The right order of words
In her report published by the American site Business Insider, author Lisa Eadicicco cited two examples of the important role of word organization in a search; For example, when you search for “cyan blue”, you will get different results from “blue sky”, where one of the terms refers to specific shades of blue, while the other describes the color of the sky.
The same goes for the search terms “Chow Dog” and “Dog Chow”, the first refers to pet food, while the other is the name of a breed of dogs.
Of course, there will always be exceptions to this rule, and looking for something like “iPhone 11 cover” is likely to result in similar results for “the cover of the iPhone 11”. But if you do not find the results you are looking for, it is useful to check the order of the written words.
Sign(-) excludes certain words in the search
The author has indicated that you should use the minus (-) tag to improve the search by excluding words that are not related to the search. For example, if you are doing research to find out about the penguin (animal), and want to exclude the results of a hockey team with the same name, try looking for something like “Penguin – Pittsburgh – Hockey.”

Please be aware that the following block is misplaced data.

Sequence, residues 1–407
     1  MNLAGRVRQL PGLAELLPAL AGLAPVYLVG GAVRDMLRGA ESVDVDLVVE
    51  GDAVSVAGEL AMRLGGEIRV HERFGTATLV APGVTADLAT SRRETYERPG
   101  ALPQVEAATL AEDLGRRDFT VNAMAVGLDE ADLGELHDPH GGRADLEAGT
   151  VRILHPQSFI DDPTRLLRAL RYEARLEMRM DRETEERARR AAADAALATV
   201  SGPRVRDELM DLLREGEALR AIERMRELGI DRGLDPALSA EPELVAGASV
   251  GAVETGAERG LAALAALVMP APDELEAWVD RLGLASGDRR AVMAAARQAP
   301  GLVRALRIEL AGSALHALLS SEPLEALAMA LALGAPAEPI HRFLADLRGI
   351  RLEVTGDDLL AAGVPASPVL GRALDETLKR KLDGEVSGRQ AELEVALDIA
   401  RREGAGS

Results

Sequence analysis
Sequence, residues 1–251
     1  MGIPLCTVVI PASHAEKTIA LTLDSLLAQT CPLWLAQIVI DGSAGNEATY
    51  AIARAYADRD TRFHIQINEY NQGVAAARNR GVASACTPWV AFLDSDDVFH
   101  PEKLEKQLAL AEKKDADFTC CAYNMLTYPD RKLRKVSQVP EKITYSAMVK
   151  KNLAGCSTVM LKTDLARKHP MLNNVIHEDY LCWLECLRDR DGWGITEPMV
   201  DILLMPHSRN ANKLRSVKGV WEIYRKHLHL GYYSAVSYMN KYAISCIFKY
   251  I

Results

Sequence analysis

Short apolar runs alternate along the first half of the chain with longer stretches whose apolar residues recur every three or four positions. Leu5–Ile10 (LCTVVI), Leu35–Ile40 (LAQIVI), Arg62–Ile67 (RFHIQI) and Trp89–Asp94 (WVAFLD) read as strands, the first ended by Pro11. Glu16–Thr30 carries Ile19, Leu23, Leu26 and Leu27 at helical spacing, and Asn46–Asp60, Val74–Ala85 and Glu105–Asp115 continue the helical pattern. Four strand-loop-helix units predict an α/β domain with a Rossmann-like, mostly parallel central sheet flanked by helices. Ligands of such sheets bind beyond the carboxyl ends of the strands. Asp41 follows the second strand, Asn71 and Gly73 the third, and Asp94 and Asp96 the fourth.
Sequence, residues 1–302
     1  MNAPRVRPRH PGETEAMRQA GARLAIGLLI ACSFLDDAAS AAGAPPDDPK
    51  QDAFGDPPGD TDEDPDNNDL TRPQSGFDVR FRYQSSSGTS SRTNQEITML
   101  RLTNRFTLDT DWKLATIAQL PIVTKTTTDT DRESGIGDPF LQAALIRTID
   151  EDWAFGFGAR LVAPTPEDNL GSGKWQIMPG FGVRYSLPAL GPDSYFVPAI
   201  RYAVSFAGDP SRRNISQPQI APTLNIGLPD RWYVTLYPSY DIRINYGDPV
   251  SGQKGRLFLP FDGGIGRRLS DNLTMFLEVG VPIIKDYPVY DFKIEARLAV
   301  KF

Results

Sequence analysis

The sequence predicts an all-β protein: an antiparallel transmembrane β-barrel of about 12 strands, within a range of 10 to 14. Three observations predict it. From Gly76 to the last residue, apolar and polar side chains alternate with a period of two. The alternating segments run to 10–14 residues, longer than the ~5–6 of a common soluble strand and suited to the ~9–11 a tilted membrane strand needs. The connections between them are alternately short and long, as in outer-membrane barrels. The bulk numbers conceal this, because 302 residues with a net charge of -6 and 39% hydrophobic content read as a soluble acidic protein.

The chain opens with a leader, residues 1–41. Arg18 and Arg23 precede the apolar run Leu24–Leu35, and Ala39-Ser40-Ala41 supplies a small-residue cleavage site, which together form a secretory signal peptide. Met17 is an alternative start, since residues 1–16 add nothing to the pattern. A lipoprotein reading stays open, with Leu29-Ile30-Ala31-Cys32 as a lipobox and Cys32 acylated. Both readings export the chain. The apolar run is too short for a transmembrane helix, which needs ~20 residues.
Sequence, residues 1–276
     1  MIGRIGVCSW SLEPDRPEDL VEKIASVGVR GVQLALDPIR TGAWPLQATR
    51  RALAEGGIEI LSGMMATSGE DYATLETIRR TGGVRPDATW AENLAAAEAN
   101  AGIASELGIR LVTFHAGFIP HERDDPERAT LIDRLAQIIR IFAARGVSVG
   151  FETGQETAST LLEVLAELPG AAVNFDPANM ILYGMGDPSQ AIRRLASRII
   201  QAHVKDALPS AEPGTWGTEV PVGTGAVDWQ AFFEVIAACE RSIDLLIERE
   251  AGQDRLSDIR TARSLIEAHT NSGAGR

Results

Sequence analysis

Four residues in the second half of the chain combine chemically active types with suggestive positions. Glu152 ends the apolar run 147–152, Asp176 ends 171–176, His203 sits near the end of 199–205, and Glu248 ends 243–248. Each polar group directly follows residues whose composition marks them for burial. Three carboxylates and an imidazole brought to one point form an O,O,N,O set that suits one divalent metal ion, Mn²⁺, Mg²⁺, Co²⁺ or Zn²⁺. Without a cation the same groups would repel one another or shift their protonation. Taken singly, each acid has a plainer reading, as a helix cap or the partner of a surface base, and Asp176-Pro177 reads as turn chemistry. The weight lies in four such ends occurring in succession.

If you are looking for specific information on a general topic, try clicking on the links that appear under the main search result. These links usually appear in Wikipedia search results, and can take you directly to a section of the page that includes the information you are looking for. It’s a small tip, but it can help you find what you’re looking for a little faster.
Do not suggest a result
A common mistake is to formulate search terms, so they indicate a specific result, as this can lead to Google results that do not reflect the most accurate answer to your query.
For example, if you use Google to know the average octopus length, you do not write “The average octopus length is 21 inches”; On the other hand, the best search request in this case is: “average octopus length”.
Just as you should not make any prior rulings to the judge, you should not set the conditions to ask Google to give you some type of answer.
Two-point code can be a useful tool for filtering search results, by website and domain type, in case you are looking for an article on a specific website.
For example, try typing “site: agaranmag.com folding phones” if you only want to browse AgaranMag articles.
Or if you are looking for medical research, but only want results from educational institutions, try writing “site: edu” with your query.